Although you can install a third-party metadata viewer, it is also possible to check out basic information using the pre-installed programs on your computer.
It is very easy to view EXIF data on Windows. All you need is to right-click on the photo and select Properties. Click the Details tab and scroll down until you find the metadata photos section you want.
You will see the information about the camera and the settings with which the photo was taken. Different image files contain different metadata. However, such info as type, name, and date will be available anyway.
The macOS Finder app allows you to quickly view metadata of any file, showing you the date of last creation or modification and any other technical data.
STEP 1. Right-click the file and select Open With > Preview to start using it.
STEP 2. Once Preview is open, go to the toolbar menu and select Tools > Show Inspector.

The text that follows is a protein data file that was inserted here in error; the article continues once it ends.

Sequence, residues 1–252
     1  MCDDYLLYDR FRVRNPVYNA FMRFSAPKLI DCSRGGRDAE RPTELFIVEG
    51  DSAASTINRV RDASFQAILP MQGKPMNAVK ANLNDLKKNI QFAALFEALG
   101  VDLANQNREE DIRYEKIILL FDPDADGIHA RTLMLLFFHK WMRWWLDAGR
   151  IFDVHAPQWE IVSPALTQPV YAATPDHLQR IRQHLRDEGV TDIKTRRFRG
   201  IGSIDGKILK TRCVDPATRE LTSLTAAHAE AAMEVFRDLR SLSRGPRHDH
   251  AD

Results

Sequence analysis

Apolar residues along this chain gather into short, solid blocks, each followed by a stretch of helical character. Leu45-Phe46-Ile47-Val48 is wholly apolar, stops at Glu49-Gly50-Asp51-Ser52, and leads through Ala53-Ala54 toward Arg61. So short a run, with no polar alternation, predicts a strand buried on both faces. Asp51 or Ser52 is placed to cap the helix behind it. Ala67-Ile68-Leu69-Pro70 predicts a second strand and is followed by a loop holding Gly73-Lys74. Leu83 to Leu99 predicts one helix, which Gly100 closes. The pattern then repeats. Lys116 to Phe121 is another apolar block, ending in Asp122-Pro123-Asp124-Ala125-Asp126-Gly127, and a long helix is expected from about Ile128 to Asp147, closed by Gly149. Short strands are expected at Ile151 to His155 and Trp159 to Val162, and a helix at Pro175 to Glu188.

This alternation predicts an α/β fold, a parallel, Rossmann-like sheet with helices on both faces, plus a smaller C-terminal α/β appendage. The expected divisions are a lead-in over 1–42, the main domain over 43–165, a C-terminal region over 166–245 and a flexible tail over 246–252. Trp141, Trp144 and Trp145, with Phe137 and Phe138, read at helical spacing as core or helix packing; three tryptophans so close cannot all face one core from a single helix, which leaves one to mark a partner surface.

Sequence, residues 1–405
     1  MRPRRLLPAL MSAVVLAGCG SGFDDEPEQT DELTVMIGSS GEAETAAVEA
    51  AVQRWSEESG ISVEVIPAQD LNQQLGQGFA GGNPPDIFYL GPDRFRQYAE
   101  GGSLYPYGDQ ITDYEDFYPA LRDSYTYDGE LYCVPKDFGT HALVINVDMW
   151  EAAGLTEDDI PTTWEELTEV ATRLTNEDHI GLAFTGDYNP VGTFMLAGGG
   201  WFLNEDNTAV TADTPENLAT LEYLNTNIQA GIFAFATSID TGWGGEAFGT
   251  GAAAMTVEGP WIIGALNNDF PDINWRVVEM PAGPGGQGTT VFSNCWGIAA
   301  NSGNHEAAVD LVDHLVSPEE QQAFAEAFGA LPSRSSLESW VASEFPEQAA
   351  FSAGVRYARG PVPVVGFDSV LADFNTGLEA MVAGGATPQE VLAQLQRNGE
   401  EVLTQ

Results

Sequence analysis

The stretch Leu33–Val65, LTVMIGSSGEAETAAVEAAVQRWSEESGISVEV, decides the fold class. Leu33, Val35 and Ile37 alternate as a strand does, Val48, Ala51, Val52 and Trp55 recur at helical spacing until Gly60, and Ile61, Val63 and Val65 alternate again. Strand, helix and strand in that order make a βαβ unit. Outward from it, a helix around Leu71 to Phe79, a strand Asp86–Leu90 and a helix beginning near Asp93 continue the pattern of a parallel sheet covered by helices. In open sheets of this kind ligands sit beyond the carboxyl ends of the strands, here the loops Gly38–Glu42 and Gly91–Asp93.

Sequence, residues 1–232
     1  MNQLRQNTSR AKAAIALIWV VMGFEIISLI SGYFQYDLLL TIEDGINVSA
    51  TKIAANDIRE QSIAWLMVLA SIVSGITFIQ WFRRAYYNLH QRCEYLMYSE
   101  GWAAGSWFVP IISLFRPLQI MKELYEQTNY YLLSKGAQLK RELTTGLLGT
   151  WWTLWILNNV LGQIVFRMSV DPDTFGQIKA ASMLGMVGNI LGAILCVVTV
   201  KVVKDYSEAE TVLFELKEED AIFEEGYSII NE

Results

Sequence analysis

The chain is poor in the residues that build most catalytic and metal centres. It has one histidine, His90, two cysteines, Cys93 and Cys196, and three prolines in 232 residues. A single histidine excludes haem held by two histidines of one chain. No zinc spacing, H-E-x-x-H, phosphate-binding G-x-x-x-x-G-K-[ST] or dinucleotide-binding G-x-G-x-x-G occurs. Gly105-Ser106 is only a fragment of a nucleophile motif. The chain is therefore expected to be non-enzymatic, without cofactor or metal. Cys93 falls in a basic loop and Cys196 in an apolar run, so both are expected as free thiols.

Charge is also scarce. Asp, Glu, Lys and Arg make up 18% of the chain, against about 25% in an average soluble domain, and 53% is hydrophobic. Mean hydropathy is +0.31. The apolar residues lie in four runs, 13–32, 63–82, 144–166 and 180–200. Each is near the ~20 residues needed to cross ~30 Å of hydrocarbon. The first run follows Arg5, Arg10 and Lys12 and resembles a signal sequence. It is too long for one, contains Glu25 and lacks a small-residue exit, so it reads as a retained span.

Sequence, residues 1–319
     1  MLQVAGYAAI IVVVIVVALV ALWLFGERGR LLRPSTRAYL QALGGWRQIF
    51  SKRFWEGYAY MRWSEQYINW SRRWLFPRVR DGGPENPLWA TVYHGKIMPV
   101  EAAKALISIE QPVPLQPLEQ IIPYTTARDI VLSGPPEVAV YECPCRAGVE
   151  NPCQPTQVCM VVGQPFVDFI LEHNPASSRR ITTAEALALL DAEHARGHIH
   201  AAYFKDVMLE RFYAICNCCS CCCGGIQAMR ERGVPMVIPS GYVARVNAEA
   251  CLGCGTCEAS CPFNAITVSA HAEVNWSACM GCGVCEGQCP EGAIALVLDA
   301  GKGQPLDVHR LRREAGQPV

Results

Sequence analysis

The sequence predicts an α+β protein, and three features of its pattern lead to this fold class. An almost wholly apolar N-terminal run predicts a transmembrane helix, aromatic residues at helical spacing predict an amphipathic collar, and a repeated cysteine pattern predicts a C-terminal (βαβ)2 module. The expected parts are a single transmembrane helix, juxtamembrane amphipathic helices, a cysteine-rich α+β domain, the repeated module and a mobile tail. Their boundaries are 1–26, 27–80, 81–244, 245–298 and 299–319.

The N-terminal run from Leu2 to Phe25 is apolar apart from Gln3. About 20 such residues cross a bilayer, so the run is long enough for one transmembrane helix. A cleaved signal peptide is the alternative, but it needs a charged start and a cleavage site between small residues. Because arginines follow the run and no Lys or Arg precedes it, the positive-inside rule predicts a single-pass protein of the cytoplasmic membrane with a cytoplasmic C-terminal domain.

STEP 3. In the Inspector window, you will see the i-shaped icon, press it, and then select the EXIF tab, so that the system will display you the full EXIF photo metadata.
By switching between tabs, you will see a lot of details about a photo, including various camera settings, whether a flash was used or not. You can even see the serial number of a camera body.
Photographers, who regularly use photo editing software, may add several elements to an image or let Photoshop or Lightroom add them automatically, so they don't spend hours searching for the photo they want. Adding tags and keywords to files is an effective method if you are wondering how to organize photos.
Along with statistics and settings, picture metadata is useful for identifying and protecting copyrights as well as filtering files based on parameters. Metadata allows you to facilitate your workflow, easily search for digital images and monitor the activities related to particular files.
You are probably wondering how to make the process of adding metadata automated. Many things can be automated with high-performance software like Lightroom. You can configure it to automatically add your name and copyright info via presets adding. It is also possible to use a batch image processing feature to add keywords and locations.